Vicplas International Ltd (SGX:569) shareholders should be happy to see the share price up 13% in the last month. But that doesn't change the fact that the returns over the last three years have been less than pleasing. Truth be told the share price declined 19% in three years and that return, Dear Reader, falls short of what you could have got from passive investing with an index fund.
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There is no denying that markets are sometimes efficient, but prices do not always reflect underlying business performance. One way to examine how market sentiment has changed over time is to look at the interaction between a company's share price and its earnings per share (EPS).
Vicplas International saw its EPS decline at a compound rate of 35% per year, over the last three years. In comparison the 6.6% compound annual share price decline isn't as bad as the EPS drop-off. This suggests that the market retains some optimism around long term earnings stability, despite past EPS declines.
The company's earnings per share (over time) is depicted in the image below (click to see the exact numbers).
We consider it positive that insiders have made significant purchases in the last year. Even so, future earnings will be far more important to whether current shareholders make money. Dive deeper into the earnings by checking this interactive graph of Vicplas International's earnings, revenue and cash flow.
A Dividend Lost
The share price return figures discussed above don't include the value of dividends paid previously, but the total shareholder return (TSR) does. In some ways, TSR is a better measure of how well an investment has performed. Vicplas International's TSR over the last 3 years is -1.4%; better than its share price return. Although the company had to cut dividends, it has paid cash to shareholders in the past.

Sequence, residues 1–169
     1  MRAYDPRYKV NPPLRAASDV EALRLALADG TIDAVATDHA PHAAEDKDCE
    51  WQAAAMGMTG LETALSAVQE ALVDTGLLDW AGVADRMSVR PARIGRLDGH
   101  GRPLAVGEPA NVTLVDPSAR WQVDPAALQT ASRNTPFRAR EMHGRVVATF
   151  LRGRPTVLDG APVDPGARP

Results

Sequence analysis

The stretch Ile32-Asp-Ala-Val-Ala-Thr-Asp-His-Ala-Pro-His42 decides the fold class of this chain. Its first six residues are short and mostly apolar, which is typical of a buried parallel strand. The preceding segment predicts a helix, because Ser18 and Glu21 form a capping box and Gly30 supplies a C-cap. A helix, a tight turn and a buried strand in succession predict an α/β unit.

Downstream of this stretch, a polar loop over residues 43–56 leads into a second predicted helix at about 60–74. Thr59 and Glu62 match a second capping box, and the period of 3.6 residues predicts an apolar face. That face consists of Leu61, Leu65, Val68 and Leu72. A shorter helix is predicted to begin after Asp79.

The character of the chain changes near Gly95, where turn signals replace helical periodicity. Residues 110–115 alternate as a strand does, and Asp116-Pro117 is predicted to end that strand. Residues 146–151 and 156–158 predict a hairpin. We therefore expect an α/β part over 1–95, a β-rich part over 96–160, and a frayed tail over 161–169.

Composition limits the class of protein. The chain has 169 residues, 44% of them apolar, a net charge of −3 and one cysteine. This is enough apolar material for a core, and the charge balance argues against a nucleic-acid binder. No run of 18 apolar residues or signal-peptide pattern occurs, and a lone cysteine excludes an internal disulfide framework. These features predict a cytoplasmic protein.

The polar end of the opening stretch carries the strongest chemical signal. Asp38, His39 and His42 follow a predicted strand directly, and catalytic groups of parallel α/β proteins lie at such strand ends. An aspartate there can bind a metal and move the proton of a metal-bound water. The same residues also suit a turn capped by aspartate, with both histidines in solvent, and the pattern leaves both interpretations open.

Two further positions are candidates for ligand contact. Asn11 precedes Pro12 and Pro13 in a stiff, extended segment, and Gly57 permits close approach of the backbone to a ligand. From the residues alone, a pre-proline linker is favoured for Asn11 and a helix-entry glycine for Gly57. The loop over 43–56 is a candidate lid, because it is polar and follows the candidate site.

A Different Perspective
We regret to report that Vicplas International shareholders are down 13% for the year. Unfortunately, that's worse than the broader market decline of 5.8%. However, it could simply be that the share price has been impacted by broader market jitters. It might be worth keeping an eye on the fundamentals, in case there's a good opportunity. Longer term investors wouldn't be so upset, since they would have made 6.5%, each year, over five years. If the fundamental data continues to indicate long term sustainable growth, the current sell-off could be an opportunity worth considering. It is all well and good that insiders have been buying shares, but we suggest you check here to see what price insiders were buying at.
If you like to buy stocks alongside management, then you might just love this free list of companies. (Hint: insiders have been buying them).
Please note, the market returns quoted in this article reflect the market weighted average returns of stocks that currently trade on SG exchanges.
We aim to bring you long-term focused research analysis driven by fundamental data. Note that our analysis may not factor in the latest price-sensitive company announcements or qualitative material.
If you spot an error that warrants correction, please contact the editor at firstname.lastname@example.org. This article by Simply Wall St is general in nature. It does not constitute a recommendation to buy or sell any stock, and does not take account of your objectives, or your financial situation. Simply Wall St has no position in the stocks mentioned. Thank you for reading.